Media enquiries:
Merran White, Communications Manager, Future Food Systems Cooperative Research Centre, 03 8395 6038 or 0411 728 984

Brigid Veale, Costa Group Public Relations and Communications Manager, 0427 697 164.

Harvest trail takes couple around Australia

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After making the decision to stay in Australia rather than return to their home in Chile, Cristobal Barriga and Valentina Vargas Guzman have found picking fruit is the perfect way to see the country.

The couple, who has been in Australia since February last year, started working with Costa Berries in Corindi, on the Mid North Coast of New South Wales in August last year before heading south and then north.  With Costa operating farms all around the country, it’s been an easy process to join the harvest trail.

“We started in Corindi in August last year, then we went to Tasmania and then we came up here to the Atherton Tablelands, in Far North Queensland,” Cristobal said.

“This allows you to go around Australia and save money.  Picking fruit is good for travelling, it’s more than enough money.”

Valentina said you meet a lot of people working on the farms and a lot of different cultures.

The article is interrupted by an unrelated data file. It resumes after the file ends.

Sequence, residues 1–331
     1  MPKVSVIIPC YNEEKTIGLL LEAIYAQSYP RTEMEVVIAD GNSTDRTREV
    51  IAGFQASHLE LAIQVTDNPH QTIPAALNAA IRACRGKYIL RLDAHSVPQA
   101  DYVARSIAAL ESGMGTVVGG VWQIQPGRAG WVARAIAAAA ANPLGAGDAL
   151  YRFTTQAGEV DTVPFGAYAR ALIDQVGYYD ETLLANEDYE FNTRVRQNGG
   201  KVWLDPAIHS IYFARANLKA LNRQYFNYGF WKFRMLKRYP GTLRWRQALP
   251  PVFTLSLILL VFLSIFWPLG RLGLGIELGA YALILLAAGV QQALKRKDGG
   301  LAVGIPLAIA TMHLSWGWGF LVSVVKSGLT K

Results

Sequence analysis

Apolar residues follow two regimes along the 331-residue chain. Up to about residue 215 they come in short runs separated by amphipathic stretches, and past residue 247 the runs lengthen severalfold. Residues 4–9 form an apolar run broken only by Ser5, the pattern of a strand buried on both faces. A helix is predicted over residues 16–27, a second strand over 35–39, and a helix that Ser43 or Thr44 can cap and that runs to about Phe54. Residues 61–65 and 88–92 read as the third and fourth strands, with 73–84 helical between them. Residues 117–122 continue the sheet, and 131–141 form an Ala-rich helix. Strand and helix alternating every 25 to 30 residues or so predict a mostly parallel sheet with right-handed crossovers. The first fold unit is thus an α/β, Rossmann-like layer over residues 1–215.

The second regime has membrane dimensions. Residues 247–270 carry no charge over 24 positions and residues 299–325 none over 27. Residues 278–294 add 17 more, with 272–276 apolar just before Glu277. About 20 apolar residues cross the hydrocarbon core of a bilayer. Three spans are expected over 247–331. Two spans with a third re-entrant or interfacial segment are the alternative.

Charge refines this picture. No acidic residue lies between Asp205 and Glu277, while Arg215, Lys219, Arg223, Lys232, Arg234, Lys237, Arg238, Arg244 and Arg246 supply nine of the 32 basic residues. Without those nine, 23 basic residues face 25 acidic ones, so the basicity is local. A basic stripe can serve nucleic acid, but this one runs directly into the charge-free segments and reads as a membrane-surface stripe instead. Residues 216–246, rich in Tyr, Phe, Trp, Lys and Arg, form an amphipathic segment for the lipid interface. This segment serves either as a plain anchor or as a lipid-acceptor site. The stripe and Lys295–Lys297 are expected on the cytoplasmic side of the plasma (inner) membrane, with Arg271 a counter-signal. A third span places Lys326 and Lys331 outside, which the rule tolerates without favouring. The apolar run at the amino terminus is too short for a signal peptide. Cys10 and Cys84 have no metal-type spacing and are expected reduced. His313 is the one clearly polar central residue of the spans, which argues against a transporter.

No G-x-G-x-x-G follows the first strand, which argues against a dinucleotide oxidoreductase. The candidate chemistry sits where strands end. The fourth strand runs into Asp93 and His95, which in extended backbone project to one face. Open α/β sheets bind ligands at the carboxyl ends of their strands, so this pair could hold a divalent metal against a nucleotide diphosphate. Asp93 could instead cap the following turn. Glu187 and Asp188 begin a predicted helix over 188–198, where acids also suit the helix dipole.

“You can talk with people and hear a lot of interesting stories while you are picking. That’s my favourite thing,” she said.

“It’s hard work, but it’s good working in nature. Usually the Costa farms are next to a beach or a forest. I like that more than the city, it’s a different kind of job.  You are part of a crew and that makes a difference, I like that.”

Cristobal said it could take a week or so to get used to the work.

“You have to get used to the work, but after a week you feel like you are doing it right. People sometimes give up because they think it’s too hard, but they don’t try enough or give it enough time. If you try for a week or maybe two weeks you get into the rhythm,” he said.

“At the beginning we were picking just for the extension for our visa, but now we are doing it because we can travel around Australia to different places and we can work at the same time. It’s a good option for us.

“The advantage of Costa is that there are farms everywhere. There are also different fruits, so you can pick whatever you want, and if you don’t like picking, there are other options like packing.”

 Media contact: Brigid Veale, Group Public Relations and Communications Manager, 0427 697 164.